14. BobK

    BobK

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  15. KrisBlueNZ

    KrisBlueNZ Sadly passed away in 2015

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    LTC1541/2 looks like a nice IC. Maximum supply voltage 12.6V is a bit close for my liking (absolute max is only 13V). Also not ex stock digikey or element14.
     
  16. Marsell4k

    Marsell4k

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    Jun 6, 2012
    I've just come back from being away and wanted to pick up where I left off in regards to my force resisting sensor and solenoid help post that you were so kindly helping me with.

    Whilst away I was giving this some thought and have decided that I will be better to get some help with making a working prototype from someone in the trade who can put together this circuit for me. I think it will be quicker and easier than trying to tackle this myself. Before I do that though I had a couple of questions about the last circuit you had mentioned on the message board;

    For practical reasons I am now thinking of using a small electromagnetic plate (instead of solenoid) to hold the lock shut and then de-magnetise it when a current is run through it, following the FSR being being activated. Nothing else is different. I've been browsing the web this morning for one, but can you suggest any specifications I would need to bear in mind when selecting one? Obviously low power comsumption is important as I want to be able to use small and/or fairly inexpensive batteries and not need to change them every week. Plus what other considerations do I need to bear in mind with batteries? Would something like this work?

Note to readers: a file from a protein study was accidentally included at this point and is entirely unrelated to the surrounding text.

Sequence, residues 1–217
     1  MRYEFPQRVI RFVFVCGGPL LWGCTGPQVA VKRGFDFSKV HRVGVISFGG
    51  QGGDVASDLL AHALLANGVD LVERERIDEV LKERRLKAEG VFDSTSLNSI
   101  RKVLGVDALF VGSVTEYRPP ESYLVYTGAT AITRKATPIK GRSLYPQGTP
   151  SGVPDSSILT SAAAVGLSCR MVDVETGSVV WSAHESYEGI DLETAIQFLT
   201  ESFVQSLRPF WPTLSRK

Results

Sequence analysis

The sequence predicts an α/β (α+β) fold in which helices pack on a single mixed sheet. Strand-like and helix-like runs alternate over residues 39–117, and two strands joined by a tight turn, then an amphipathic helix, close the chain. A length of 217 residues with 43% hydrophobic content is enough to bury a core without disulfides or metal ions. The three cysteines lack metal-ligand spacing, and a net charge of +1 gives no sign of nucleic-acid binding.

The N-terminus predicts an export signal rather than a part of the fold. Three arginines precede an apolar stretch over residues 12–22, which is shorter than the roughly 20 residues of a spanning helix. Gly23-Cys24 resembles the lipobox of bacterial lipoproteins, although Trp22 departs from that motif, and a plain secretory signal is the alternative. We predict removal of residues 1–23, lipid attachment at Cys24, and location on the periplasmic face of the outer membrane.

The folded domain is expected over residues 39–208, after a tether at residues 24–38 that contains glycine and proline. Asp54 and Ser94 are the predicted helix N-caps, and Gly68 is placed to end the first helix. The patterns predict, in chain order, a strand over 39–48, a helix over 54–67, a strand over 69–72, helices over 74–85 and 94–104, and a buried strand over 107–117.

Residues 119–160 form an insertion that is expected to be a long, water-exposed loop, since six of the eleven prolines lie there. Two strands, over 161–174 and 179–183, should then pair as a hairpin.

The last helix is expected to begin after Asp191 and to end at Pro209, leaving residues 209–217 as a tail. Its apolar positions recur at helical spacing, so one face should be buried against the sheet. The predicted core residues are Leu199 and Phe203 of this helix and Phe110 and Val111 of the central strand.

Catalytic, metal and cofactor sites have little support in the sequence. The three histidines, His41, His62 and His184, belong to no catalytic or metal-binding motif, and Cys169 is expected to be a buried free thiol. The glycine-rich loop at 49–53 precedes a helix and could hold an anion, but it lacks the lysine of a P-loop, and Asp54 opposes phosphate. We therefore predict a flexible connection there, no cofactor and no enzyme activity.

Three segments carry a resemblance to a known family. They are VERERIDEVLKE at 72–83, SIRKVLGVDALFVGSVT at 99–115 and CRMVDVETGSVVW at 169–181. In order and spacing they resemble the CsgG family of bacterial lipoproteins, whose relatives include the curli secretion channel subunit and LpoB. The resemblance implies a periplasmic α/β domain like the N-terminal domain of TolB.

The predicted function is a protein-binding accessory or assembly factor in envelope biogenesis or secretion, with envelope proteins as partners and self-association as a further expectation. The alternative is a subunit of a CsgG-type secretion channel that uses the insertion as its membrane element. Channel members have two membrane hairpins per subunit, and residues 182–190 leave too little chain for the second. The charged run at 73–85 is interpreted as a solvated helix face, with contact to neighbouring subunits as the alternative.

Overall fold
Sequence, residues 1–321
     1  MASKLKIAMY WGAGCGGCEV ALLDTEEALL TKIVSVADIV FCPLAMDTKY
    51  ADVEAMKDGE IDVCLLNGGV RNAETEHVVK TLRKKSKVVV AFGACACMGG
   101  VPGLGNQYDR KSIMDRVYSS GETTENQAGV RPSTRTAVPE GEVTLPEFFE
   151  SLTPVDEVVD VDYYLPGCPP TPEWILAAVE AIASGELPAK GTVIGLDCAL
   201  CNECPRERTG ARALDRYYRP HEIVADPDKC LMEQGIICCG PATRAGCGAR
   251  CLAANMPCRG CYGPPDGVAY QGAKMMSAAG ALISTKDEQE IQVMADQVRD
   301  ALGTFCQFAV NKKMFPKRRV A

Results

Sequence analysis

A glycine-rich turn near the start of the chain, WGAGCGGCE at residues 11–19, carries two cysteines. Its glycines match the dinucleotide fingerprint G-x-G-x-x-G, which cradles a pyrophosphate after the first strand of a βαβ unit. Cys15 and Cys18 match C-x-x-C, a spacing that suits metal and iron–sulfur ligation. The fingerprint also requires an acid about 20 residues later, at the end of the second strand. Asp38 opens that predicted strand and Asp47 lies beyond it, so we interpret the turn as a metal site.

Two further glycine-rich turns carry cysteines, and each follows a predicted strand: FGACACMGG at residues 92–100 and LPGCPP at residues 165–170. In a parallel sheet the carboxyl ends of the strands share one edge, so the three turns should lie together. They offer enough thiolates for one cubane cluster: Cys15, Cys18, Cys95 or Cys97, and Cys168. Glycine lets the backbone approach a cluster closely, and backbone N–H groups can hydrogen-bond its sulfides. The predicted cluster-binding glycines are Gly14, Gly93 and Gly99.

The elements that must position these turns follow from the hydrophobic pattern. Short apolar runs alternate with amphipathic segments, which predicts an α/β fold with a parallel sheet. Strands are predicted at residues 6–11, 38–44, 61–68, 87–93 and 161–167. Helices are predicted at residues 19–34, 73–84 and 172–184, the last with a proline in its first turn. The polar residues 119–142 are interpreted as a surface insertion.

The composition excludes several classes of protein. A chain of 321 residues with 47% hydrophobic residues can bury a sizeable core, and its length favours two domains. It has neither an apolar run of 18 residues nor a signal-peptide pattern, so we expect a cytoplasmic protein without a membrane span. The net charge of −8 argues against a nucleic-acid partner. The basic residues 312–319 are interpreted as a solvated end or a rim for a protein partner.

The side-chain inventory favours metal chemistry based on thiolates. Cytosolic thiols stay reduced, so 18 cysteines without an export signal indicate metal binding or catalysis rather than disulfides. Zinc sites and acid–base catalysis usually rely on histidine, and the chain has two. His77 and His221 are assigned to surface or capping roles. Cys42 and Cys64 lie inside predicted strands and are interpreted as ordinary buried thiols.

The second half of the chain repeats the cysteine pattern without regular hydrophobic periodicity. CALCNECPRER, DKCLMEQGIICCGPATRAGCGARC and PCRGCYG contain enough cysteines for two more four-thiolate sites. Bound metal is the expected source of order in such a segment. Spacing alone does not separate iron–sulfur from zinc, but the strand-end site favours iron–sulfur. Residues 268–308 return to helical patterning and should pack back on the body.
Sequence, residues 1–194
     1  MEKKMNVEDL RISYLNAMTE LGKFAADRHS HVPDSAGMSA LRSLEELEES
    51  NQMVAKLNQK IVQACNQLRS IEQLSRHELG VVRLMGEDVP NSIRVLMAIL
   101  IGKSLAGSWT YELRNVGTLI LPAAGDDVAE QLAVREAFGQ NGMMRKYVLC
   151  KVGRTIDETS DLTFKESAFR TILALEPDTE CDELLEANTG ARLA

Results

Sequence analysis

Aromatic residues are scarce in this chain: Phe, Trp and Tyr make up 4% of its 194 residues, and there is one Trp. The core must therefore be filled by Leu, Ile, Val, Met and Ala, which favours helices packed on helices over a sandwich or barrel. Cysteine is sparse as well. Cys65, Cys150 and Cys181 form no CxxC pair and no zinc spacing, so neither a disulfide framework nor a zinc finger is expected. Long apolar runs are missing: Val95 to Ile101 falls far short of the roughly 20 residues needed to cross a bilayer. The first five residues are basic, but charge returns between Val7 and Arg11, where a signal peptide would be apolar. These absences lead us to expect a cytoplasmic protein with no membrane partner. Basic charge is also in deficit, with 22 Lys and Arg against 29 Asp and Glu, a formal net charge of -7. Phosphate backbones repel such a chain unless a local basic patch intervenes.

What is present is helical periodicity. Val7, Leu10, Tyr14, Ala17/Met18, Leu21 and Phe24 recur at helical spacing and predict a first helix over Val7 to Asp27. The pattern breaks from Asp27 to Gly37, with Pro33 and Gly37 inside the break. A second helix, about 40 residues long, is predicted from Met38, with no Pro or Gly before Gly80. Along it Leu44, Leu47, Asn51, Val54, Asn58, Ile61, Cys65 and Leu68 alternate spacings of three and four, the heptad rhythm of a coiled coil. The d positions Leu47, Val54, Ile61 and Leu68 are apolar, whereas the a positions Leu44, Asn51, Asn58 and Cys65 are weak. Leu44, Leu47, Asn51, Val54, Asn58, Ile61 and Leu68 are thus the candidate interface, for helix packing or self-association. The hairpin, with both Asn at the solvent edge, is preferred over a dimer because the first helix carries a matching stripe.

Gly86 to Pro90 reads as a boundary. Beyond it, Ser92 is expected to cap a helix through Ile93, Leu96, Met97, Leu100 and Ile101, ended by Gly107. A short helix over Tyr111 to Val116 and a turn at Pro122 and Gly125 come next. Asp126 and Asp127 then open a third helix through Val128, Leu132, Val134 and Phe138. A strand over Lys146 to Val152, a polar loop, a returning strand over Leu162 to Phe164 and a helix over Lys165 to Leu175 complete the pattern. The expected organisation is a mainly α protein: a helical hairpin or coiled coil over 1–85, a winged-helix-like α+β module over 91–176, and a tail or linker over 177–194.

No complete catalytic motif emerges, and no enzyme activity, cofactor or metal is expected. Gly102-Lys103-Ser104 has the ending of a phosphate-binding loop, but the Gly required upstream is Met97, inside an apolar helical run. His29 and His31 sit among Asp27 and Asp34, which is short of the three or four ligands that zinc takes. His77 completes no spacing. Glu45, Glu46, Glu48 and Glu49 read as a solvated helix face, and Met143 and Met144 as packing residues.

Oh, also the electromagnet doesn't need to be particularly strong. Can't give a measurement in newtons, but I'd estimate enough to stop around 10-15kg's of force being applied.

    As usual I really appreciate your advice!

    Thanks again.
     
  17. KrisBlueNZ

    KrisBlueNZ Sadly passed away in 2015

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    Nov 28, 2011
    I don't think a normally energised solenoid will be workable with a battery supply. The amount of current needed to hold the plate in the locked position will be prohibitively high. Perhaps a motor and gear system to move a locking bolt? Run the motor one way to lock it, the other way to unlock it, and it remains in its current position when the motor is not driven.
     
  18. Marsell4k

    Marsell4k

    8
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    Jun 6, 2012
    Maybe I'm confused or just haven't explained it properly, but I am thinking of an electromagnet that in its natural state (no current) is magnetised and keeps the door locked. Then when current paseses through it, (from sensor being activated) it is released and unlocks.

    Can i still get by with a low voltage/current etc with this?
     
  19. KrisBlueNZ

    KrisBlueNZ Sadly passed away in 2015

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    I've never heard of an electromagnet that's permanently magnetised and becomes unmagnetised when energised. It would have to have a permanently magnetised core and be designed so that the electromagnet's field "cancels out" the permanent magnetism in the core. I don't know if it's even possible. I suspect not. Try googling it.
     
  20. Marsell4k

    Marsell4k

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    Jun 6, 2012
    Check this link. It shows magnets that 'energise-to-release'.